“Another is a special sales-tax break for manufacturers that the Governor has set in place on his own, without legislative approval. This might change in current budget negotiations, but we likely would not be talking about it at all had the Governor not acted on his own.

“The precedents being set raise uncertainties for the future governance of our state.”
 
The six-page report is available here: http://www.iowafiscal.org/sales-tax-sleight-of-hand-in-iowa/.

In the paper, Owen looks at a sales-tax break implemented unilaterally by the Branstad administration, as well as various proposals that would extend a state sales tax currently designated for school facilities and equipment — but only if shares of the funding are diverted to other purposes.

 
The Iowa Association of School Boards (IASB) uses Department of Revenue data to project the Governor’s plan, now in the House as HF2382, would cause a loss of $426 million for school infrastructure from FY2017 through FY2029, when the current tax expires.

Schools would see a 20-year extension of the tax under the Governor’s plan, but would receive $4.7 billion less through FY2049 than under a straight 20-year extension of the sales tax for its currently defined use, according to IASB.

 
“That sales tax would not exist but for local votes across the state, for the revenues to go to school infrastructure, and secondarily to offset property taxes,” Owen said. “What the Governor and proposals in the Iowa House would do is to divert that funding to purposes never intended.

“They would do this in the near term, changing the rules of the current law set to expire in 2029, and they would do so in greater proportions over the following 20 years. Construction costs for schools will not be going down over that time.”

Proposals also would impose new restrictions on schools’ ability to spend the funds, and two would require voter approval by supermajority for even relatively small-scale construction projects, anything over $1 million.

 
“Once more, we see efforts to impose minority rule against efforts to improve our public infrastructure, to make it more difficult for school boards to do their jobs,” said Owen, who is serving his third term as an elected school board member in West Branch.

The Iowa Fiscal Partnership is a joint public policy analysis initiative of two nonprofit, nonpartisan organizations, the Iowa Policy Project in Iowa City and the Child & Family Policy Center in Des Moines. Reports are at www.iowafiscal.org.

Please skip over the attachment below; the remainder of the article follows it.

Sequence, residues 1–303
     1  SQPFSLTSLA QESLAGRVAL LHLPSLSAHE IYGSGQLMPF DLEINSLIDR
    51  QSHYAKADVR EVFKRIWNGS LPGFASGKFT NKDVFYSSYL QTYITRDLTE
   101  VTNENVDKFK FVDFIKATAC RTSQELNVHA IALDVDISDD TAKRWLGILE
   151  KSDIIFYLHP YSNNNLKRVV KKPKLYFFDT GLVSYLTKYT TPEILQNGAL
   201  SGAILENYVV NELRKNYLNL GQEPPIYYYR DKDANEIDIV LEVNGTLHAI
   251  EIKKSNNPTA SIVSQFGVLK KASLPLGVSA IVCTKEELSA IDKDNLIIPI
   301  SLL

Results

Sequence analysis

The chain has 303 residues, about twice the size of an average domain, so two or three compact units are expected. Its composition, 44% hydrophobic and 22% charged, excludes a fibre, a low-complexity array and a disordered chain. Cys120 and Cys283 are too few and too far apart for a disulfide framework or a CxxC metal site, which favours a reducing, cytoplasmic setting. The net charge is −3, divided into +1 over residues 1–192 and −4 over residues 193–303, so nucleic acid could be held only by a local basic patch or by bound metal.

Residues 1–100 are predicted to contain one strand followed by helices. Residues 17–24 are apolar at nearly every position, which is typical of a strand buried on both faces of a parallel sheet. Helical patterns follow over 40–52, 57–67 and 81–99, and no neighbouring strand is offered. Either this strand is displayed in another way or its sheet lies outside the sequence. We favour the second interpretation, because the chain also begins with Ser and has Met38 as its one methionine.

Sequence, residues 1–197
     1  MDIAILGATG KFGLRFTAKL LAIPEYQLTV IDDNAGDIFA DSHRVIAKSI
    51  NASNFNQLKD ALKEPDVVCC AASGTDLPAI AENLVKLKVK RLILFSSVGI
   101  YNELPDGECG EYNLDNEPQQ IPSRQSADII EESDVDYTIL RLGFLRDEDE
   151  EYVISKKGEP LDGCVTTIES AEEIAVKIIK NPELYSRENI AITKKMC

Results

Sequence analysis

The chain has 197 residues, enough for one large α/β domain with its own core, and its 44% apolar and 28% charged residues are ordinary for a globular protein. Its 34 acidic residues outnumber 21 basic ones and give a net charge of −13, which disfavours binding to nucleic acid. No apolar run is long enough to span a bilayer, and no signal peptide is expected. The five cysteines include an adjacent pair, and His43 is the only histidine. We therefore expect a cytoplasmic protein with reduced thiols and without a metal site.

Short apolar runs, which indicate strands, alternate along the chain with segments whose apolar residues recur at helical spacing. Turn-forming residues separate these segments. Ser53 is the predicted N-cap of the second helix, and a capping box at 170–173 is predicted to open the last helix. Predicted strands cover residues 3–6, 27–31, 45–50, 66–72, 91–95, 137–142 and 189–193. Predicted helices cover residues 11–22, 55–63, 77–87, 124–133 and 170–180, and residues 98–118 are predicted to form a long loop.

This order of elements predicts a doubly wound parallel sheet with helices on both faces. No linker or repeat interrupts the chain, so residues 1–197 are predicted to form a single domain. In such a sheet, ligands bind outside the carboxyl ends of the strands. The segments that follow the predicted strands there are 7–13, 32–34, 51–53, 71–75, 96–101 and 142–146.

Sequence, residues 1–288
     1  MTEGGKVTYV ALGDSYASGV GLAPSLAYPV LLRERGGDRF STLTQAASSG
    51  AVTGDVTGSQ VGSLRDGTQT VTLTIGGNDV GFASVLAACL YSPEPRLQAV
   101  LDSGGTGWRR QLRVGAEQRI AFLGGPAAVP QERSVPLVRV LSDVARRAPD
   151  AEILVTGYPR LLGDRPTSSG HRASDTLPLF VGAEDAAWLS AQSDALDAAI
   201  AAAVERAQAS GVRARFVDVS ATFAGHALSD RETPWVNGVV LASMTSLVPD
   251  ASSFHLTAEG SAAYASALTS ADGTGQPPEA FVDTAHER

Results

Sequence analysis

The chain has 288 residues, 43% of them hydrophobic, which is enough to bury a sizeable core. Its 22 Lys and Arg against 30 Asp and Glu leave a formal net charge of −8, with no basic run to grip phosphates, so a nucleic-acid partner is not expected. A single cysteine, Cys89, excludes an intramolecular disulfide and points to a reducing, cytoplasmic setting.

Iowa Sales-Tax Sleight of Hand

POLICY BRIEF

Proposals test limits of authority, defy voters’ intent and expectations

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By Mike Owen

Recent proposals and actions on Iowa’s sales tax would directly cost Iowa schools funding for both facilities and general operations, and most critical services could expect less as well. Aside from fiscal impacts, these proposals ignore existing law or voters’ directives, and long traditions in the way we govern ourselves. To many, this is a low road — of lower revenues, services and commitment. We map that road below.

Here we do not review in detail the impact of the sales tax on various types of Iowa households, though we examine Iowa’s significant shifts toward regressive taxation (particularly the sales tax) in greater depth elsewhere.[i] Rather, we focus on the revenue and governance issues raised by a recent unilateral action by the Branstad administration for a special sales-tax break, and pending proposals by the Governor and legislators to change intended spending from sales taxes now in place. Each represents a sleight-of-hand either in defiance of existing laws that have not been duly changed, or of promises made to voters who years ago authorized specific tax policy changes with clear expectations on the use of new revenue.

These new, opportunistic approaches are suddenly possible because of Iowa’s polarized political landscape. Ironically, they capitalize on what education and environmental advocates had seen as opportunities to progress despite a general lapse of the state’s commitment of funding. Only an expectation that lawmakers will not agree to stop the Governor permits him to act unilaterally on a sales tax exemption, a reinterpretation of longstanding existing law to grant manufacturers a special break without prior legislative approval. Only the looming expiration of­­ the school infrastructure sales tax gives the Governor an opportunity to attempt a diversion of that funding from school districts to water programs — an immediate loss to schools in the near term, and insufficient resources for schools and the full range of environmental priorities for the long term.

Meanwhile, policy makers do not follow the dictates of law for school funding, nor the direction of voters on environmental funding. Legislators already routinely dismiss their annual legal deadline for setting state school aid levels 14 months ahead of schools’ own budget certification deadlines. And we now see attempts by both the Governor and some legislators to come up with proposals that divert revenue and change the rules for funding of school facility needs. While education advocates have voiced concerns for several years about the state’s commitment to funding of public schools, environmental advocates have done the same through five-plus years of legislative inaction following a 2010 electoral victory. That year, voters statewide approved a constitutional amendment directing the first three-eighths-cent sales-tax increase to a trust fund to enhance stewardship of Iowa’s land, air and water resources — not all of which are in the Governor’s plan.